We mention that the defendant would have been entitled, upon request, to an instruction stating that, “ ‘[i]t is not necessary for the defendant to establish self-defense by evidence sufficient to satisfy the jury that the self-defense was true, but if the evidence is sufficient to raise a reasonable doubt as to whether the defendant was justified, then he is entitled to an acquittal.’ ” (People v. Adrian (1982) 135 Cal.App.3d 335, 337, 185 Cal.Rptr. 506 (Adrian ).) This instruction is commonly known as the Sanchez instruction because the California Supreme Court ruled in People v. Sanchez (1947) 30 Cal.2d 560, 184 P.2d 673 (Sanchez ), that it is erroneous to refuse a request for such a instruction. Adrian held that the instruction also applied to nonhomicidal assaultive crimes, ruling that a Sanchez instruction “must be given upon request whenever the claim of self-defense has been properly tendered and the evidence warrants submitting the issue to the jury.” (Adrian, supra, 135 Cal.App.3d at p. 336, 185 Cal.Rptr. 506.) Yet, under the circumstances presented here, defendant's request for addition of the word “unlawfully” to CALJIC No. 9.35 cannot reasonably be construed as tantamount to a request for a Sanchez instruction. Existing authority does not hold that there exists a sua sponte obligation to give a Sanchez instruction whenever a self-defense claim is raised and we decline to impose such a burden on the trial courts.
Furthermore, defendant was not prejudiced by the refusal to modify CALJIC No. 9.35 or by the absence of a Sanchez instruction, even when the omission is assessed under the stringent federal constitutional standard of harmless beyond a reasonable doubt. (Chapman v. California (1967) 386 U.S. 18, 87 S.Ct. 824, 17 L.Ed.2d 705; see People v. Flood (1998) 18 Cal.4th 470, 502-503, 76 Cal.Rptr.2d 180, 957 P.2d 869.) Both Sanchez and Adrian found the instructional omission harmless because other instructions adequately pinpointed the defense and the burden of proof. (Sanchez, supra, 30 Cal.2d at pp. 571-572, 184 P.2d 673; Adrian, supra, 135 Cal.App.3d at pp. 341-342, 185 Cal.Rptr. 506.) The same is true in this case. In addition to giving the standard instructions on self-defense and the burden of proof discussed above, defense counsel was permitted to argue without objection that the prosecutor has the burden of proving beyond a reasonable doubt that “what happened was not self-defense.” Even assuming error, there is no reasonable likelihood that under these facts the jury misapplied the law. (See Estelle v. McGuire (1991) 502 U.S. 62, 72, 112 S.Ct. 475, 116 L.Ed.2d 385.) Additionally, as previously discussed, ante, in part I, defendant's claim that he repeatedly struck Marisa in self-defense is not credible and there is overwhelming proof that he is guilty of spousal abuse. It is not even remotely possible that the jury also would have acquitted him of spousal battery if the word “unlawfully” had been added to CALJIC No. 9.35 or if a Sanchez instruction had been given. Thus, any possible instructional error is harmless.3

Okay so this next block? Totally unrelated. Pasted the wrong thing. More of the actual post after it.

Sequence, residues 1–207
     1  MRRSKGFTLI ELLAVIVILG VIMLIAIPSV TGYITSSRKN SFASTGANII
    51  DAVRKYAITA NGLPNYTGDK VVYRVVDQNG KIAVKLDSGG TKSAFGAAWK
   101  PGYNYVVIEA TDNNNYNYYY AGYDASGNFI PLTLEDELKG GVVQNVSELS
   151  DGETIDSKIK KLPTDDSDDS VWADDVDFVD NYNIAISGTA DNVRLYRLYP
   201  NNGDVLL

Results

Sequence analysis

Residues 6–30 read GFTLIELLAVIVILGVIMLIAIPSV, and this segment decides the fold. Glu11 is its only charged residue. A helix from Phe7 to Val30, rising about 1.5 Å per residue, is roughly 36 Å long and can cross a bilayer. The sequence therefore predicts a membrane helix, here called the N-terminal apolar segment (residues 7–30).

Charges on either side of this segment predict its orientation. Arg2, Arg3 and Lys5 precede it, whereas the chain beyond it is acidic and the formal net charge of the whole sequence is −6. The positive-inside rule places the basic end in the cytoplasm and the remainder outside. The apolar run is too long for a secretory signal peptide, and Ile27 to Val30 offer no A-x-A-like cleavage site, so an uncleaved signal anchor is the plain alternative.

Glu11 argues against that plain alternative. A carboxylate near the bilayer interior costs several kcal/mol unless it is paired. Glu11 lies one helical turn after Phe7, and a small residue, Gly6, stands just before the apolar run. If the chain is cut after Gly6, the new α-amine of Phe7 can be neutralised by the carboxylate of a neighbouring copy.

The judgment is affirmed.
1. Unless otherwise specified, all statutory references are to the Evidence Code.
2. We summarily reject the Attorney General's contention that this issue was not preserved for appellate review. Defense counsel argued that the AAFV forms constitute “double hearsay.” The trial court expressly ruled that the AAFV forms would be admitted “with those objections.” The objections to which the trial court referred include the hearsay point that is advanced on appeal. Defense counsel did not withdraw her hearsay objection after the court agreed to redact references to defendant's alcohol and drug use. Thus, the waiver argument fails for lack of record support.
3. If defendant had raised an ineffective assistance claim based on defense counsel's failure to request a Sanchez instruction, it would not have succeeded because defendant would not have been able to establish prejudice. (In re Jackson (1992) 3 Cal.4th 578, 604, 11 Cal.Rptr.2d 531, 835 P.2d 371 [when ineffective assistance claim can be resolved solely on lack of prejudice, reviewing court need not determine whether counsel's performance was deficient].)
FOOTNOTE. See footnote *, ante.
BUCKLEY, Acting P.J.
WE CONCUR: CORNELL and GOMES, JJ.